c. Amicable Settlement

This approach is based on the following assumptions: a) We Jewish Zoo stockholders continue to support the aims and purposes of a Zoo; b) the Berlin Zoo is a not-for-profit organization; c) a younger generation of Germans is slowly making its way in the Zoo leadership; d) most of the Jewish Aktionäre are not in desperate need for money and will be willing to forego personal financial claims in favor of a public-interest settlement.

It is obvious that neither I, nor anyone else, can waive the claim of any other individual. In what follows I outline a possibility that I have embraced personally and that I hope you will consider as well.

I was in Israel in the summer of 2000 and had the opportunity of visiting the zoos in Ramat-Gan ("Safari") and Jerusalem (the Biblical Zoo). Both are outstanding institutions and merit our interest and support.

The Ramat-Gan zoo is the larger and more ambitious institution. The zoo proper is surrounded by a large territory ("safari") where various species, notably lions, can roam within delineated limits. It is accessible to the public by automobile or special minibus.

I had a discussion with the curator, Dr. Amelia Terkel (Ph.D. University of California), and learned that she has friendly professional relations with the Berlin Zoo and its new, younger leadership. In our discussion, Dr. Terkel and I conceived of using the story of the Jewish stockholders in the Berlin Zoo as an opportunity for it, the Berlin Zoo, to sponsor certain projects at Ramat-Gan. These could include the breeding and conservation of Israeli animals at Ramat-Gan, including new enclosures, breeding space, and educational graphics. Dr. Terkel has outlined the options as follows:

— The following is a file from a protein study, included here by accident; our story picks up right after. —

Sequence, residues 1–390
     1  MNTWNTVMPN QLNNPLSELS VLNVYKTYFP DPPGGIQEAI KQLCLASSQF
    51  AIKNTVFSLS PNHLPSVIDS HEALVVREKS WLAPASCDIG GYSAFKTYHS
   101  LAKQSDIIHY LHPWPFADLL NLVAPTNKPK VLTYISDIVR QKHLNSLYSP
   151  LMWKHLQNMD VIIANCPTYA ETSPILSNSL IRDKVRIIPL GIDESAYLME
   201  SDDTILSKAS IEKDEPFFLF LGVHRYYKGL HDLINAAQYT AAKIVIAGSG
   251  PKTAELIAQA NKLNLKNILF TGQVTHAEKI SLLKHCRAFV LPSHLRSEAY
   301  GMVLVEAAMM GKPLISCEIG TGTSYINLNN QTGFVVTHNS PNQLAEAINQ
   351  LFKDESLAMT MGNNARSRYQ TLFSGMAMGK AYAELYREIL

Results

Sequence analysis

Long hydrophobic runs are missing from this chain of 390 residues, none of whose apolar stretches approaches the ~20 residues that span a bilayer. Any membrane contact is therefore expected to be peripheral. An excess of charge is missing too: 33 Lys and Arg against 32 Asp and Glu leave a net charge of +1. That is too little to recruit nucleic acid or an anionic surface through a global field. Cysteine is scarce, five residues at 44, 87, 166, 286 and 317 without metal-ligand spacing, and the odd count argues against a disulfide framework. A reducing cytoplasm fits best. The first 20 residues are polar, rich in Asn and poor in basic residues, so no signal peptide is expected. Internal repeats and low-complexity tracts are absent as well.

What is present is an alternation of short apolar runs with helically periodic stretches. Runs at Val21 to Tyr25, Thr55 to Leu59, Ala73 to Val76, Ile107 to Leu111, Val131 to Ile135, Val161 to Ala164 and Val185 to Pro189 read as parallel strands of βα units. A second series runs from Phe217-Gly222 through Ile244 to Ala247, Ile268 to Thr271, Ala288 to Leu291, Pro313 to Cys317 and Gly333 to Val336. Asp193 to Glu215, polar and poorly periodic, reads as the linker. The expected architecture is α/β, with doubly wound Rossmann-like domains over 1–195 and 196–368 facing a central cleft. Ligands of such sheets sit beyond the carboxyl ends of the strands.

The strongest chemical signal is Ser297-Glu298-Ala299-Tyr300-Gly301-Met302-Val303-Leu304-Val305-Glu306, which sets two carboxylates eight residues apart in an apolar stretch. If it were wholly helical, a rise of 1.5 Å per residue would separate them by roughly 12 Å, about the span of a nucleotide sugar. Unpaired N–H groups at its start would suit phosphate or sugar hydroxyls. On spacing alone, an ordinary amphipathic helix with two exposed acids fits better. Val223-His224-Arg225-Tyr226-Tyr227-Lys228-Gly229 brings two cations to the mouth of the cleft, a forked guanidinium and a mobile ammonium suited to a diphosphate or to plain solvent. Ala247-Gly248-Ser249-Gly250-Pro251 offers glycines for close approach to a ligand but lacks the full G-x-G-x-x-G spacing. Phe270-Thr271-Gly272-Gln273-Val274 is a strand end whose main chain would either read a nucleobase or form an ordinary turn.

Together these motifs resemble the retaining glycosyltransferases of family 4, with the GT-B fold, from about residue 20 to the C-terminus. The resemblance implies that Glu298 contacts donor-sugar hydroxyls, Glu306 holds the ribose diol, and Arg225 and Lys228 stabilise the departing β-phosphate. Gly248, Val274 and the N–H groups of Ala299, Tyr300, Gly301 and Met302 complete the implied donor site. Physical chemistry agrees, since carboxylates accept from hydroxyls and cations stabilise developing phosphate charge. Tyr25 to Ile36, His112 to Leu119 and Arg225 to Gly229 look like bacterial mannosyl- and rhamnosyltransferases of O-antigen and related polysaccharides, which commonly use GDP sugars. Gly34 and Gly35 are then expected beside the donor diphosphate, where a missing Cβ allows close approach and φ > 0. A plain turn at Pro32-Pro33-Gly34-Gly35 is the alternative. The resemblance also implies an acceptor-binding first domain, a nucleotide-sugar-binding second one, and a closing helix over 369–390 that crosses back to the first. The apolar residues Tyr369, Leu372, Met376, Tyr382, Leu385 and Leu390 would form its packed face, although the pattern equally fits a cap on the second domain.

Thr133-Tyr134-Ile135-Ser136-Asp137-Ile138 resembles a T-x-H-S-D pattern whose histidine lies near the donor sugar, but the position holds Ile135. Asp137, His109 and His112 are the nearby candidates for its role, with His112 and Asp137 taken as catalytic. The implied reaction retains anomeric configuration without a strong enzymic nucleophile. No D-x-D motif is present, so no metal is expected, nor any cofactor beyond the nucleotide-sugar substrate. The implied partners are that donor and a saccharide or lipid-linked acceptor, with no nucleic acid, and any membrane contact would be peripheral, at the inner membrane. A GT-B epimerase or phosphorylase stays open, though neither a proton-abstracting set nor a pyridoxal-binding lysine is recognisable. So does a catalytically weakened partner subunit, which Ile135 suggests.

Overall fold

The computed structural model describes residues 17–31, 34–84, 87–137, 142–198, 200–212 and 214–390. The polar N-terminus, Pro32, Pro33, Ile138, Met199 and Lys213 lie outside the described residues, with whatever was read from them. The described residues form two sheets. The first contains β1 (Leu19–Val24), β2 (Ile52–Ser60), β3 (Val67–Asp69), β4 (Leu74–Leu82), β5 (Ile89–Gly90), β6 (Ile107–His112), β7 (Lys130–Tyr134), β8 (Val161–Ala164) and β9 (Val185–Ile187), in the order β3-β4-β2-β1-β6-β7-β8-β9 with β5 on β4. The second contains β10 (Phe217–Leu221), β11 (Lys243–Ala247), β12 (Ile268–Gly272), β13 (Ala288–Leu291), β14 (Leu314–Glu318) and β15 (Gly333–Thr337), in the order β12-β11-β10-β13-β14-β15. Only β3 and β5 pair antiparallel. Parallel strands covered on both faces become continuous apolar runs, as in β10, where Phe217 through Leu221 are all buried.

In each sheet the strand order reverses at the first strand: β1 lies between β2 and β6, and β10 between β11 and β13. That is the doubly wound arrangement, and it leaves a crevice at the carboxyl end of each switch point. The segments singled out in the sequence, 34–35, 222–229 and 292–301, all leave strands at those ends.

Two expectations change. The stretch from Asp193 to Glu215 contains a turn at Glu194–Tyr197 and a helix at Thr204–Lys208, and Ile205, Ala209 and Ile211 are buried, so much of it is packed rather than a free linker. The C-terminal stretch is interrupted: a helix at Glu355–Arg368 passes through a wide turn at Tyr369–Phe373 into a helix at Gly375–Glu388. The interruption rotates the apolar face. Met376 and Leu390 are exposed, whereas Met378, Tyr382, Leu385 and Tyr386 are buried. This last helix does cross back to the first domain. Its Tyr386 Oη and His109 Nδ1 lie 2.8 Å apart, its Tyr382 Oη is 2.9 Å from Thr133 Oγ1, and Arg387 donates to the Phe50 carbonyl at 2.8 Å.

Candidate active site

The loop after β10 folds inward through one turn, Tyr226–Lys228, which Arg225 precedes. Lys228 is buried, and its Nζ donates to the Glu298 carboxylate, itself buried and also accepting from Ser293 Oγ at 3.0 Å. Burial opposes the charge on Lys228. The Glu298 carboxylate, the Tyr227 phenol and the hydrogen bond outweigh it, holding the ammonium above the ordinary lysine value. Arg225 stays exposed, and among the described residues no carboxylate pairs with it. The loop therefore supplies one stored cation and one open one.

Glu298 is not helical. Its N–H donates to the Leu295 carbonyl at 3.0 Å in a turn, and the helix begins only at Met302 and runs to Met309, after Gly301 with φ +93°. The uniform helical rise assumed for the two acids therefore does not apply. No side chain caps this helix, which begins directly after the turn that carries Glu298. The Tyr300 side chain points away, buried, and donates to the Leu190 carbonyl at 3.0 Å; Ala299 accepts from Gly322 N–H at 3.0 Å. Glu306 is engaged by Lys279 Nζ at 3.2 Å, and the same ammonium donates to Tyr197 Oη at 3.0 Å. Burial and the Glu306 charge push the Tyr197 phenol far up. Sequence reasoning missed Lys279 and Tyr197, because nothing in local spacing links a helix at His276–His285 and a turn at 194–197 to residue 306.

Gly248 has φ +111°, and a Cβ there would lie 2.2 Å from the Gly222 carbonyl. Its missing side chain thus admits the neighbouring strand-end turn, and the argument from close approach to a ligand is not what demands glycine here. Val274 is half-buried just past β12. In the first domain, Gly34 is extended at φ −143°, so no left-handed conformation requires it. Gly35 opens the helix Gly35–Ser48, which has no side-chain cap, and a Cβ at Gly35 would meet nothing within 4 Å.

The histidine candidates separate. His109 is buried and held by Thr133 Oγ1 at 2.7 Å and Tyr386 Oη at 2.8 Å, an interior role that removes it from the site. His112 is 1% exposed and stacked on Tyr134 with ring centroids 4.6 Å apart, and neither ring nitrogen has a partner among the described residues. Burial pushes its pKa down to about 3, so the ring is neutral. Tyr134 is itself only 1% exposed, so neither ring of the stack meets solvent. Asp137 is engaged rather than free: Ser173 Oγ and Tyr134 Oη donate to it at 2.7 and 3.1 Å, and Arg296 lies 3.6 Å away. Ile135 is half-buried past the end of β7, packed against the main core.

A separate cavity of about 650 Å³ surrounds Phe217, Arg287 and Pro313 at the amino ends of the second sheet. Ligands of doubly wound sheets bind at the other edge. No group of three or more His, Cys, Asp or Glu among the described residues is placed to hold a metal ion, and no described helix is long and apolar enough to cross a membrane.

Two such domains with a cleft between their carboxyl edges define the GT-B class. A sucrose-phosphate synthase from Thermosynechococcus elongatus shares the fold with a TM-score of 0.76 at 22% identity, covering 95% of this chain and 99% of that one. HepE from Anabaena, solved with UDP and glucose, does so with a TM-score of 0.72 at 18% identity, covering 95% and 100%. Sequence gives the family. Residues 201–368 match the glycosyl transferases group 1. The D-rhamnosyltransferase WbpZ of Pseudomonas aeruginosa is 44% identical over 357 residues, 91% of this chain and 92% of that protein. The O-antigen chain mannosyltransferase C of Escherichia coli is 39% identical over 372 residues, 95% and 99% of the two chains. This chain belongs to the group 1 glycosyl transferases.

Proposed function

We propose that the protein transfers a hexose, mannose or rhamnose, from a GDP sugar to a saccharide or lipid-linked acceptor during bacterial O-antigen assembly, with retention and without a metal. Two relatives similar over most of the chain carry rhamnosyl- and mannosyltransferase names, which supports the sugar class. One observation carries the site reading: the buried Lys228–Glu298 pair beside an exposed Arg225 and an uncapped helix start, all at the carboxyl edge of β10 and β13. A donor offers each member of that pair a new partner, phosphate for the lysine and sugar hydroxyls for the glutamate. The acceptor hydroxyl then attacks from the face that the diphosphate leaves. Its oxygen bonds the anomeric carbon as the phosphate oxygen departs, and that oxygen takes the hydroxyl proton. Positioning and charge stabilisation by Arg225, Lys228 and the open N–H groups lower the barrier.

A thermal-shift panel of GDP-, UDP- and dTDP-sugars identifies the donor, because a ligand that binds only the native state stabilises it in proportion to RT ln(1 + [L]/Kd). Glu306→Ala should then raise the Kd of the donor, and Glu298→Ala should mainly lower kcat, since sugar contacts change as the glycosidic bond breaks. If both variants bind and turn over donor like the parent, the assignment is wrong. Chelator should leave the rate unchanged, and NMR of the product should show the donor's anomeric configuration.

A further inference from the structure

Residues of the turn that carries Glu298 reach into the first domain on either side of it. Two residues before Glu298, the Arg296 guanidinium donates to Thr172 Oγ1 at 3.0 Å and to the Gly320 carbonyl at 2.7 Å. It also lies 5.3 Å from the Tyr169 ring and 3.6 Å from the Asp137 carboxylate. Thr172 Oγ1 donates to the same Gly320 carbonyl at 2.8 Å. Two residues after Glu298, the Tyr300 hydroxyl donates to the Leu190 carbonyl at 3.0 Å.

1) Mesopotamian fallow deer (these animals are being bred and released into the wild)

2) Carnivores (such as Fennec foxes, caracals, leopards, honey badger, wolf, etc.)

3) Bald ibis and other water birds scheduled for captive breeding and reintroduction to the wild in Israel.

Any such projects would be dedicated to the memory of the Jewish families who had title to Berlin Zoo stock. I have written to Dr. Terkel to the effect that, provided the Berlin Zoo makes a meaningful gesture of this kind, I assign any rights I have to the Ramat-Gan zoo. I have also told her that I would recommend a similar assignment, in whole or at least in part, by the other Aktionäre with whom I am in touch. You may wish to write to Dr. Terkel directly to this effect, or for any other information: Dr. Amelia Terkel, Curator, Zoological Center Tel Aviv Ramat-Gan, PO Box 984, Ramat-Gan, Israel 52109, Telephone 972-3-6313531.

Outlook, and How You Can Help

While an amicable settlement would be in the interests of all concerned, the Zoo has so far shown no interest in this approach. I think that we should all appeal to public opinion and especially to that large majority of younger Germans of good will. If my analysis is correct, it is we, the former Jewish Berliners, who supported the Zoo in its early years out of all proportion to our numbers. In many ways the Zoo is ours more than it belongs to its current leadership, stuck as this leadership seems to be in the morass of the Nazi period.

Your Comments, Please

I would very much appreciate your comments, especially concerning the course of action I propose above. In any case, I expect to be in touch with you again. Please feel free to pass this report on to anyone who might be interested, especially fellow Aktionäre.


Werner Cohn
November 15, 2000


The Cohn-Zoo correspondence


German newspapers report on the Berlin Zoo and its Jews


Steffi Kammerer's article in English translation


Some bibliographic notes concerning the Zoo-Nazi connection


My family's German passports



Click here to go to home page of Werner Cohn